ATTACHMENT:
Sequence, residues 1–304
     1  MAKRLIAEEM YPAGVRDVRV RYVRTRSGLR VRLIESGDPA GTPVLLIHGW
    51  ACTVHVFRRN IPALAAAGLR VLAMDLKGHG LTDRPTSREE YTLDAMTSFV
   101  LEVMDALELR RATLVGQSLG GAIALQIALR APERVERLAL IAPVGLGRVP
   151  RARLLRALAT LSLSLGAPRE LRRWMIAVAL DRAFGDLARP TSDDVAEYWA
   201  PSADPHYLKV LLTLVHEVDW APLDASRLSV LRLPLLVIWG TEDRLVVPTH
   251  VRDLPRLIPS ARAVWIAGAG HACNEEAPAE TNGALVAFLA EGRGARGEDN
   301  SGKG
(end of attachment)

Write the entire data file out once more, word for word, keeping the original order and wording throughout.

Sequence, residues 1–304
     1  MAKRLIAEEM YPAGVRDVRV RYVRTRSGLR VRLIESGDPA GTPVLLIHGW
    51  ACTVHVFRRN IPALAAAGLR VLAMDLKGHG LTDRPTSREE YTLDAMTSFV
   101  LEVMDALELR RATLVGQSLG GAIALQIALR APERVERLAL IAPVGLGRVP
   151  RARLLRALAT LSLSLGAPRE LRRWMIAVAL DRAFGDLARP TSDDVAEYWA
   201  PSADPHYLKV LLTLVHEVDW APLDASRLSV LRLPLLVIWG TEDRLVVPTH
   251  VRDLPRLIPS ARAVWIAGAG HACNEEAPAE TNGALVAFLA EGRGARGEDN
   301  SGKG